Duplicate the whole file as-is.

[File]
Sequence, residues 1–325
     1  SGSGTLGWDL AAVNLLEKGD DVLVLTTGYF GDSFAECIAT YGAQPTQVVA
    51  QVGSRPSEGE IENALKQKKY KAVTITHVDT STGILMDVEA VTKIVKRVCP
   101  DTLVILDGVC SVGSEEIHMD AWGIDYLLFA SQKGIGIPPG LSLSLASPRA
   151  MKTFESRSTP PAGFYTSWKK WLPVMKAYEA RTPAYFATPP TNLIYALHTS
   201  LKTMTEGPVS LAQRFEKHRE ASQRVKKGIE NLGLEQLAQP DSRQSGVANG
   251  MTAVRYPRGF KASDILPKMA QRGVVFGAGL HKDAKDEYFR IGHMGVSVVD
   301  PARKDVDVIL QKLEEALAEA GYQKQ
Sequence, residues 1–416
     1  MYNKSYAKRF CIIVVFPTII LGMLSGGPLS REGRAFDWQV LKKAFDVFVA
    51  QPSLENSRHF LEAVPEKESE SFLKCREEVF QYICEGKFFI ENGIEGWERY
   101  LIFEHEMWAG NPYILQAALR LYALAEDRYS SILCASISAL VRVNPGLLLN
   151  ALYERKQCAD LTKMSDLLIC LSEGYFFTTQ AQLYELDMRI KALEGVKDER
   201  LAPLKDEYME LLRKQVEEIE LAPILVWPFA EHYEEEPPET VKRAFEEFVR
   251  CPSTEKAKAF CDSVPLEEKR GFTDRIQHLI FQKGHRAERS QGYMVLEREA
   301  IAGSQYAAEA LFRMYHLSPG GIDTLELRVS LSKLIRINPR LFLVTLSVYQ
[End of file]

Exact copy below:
Sequence, residues 1–325
     1  SGSGTLGWDL AAVNLLEKGD DVLVLTTGYF GDSFAECIAT YGAQPTQVVA
    51  QVGSRPSEGE IENALKQKKY KAVTITHVDT STGILMDVEA VTKIVKRVCP
   101  DTLVILDGVC SVGSEEIHMD AWGIDYLLFA SQKGIGIPPG LSLSLASPRA
   151  MKTFESRSTP PAGFYTSWKK WLPVMKAYEA RTPAYFATPP TNLIYALHTS
   201  LKTMTEGPVS LAQRFEKHRE ASQRVKKGIE NLGLEQLAQP DSRQSGVANG
   251  MTAVRYPRGF KASDILPKMA QRGVVFGAGL HKDAKDEYFR IGHMGVSVVD
   301  PARKDVDVIL QKLEEALAEA GYQKQ
Sequence, residues 1–416
     1  MYNKSYAKRF CIIVVFPTII LGMLSGGPLS REGRAFDWQV LKKAFDVFVA
    51  QPSLENSRHF LEAVPEKESE SFLKCREEVF QYICEGKFFI ENGIEGWERY
   101  LIFEHEMWAG NPYILQAALR LYALAEDRYS SILCASISAL VRVNPGLLLN
   151  ALYERKQCAD LTKMSDLLIC LSEGYFFTTQ AQLYELDMRI KALEGVKDER
   201  LAPLKDEYME LLRKQVEEIE LAPILVWPFA EHYEEEPPET VKRAFEEFVR
   251  CPSTEKAKAF CDSVPLEEKR GFTDRIQHLI FQKGHRAERS QGYMVLEREA
   301  IAGSQYAAEA LFRMYHLSPG GIDTLELRVS LSKLIRINPR LFLVTLSVYQ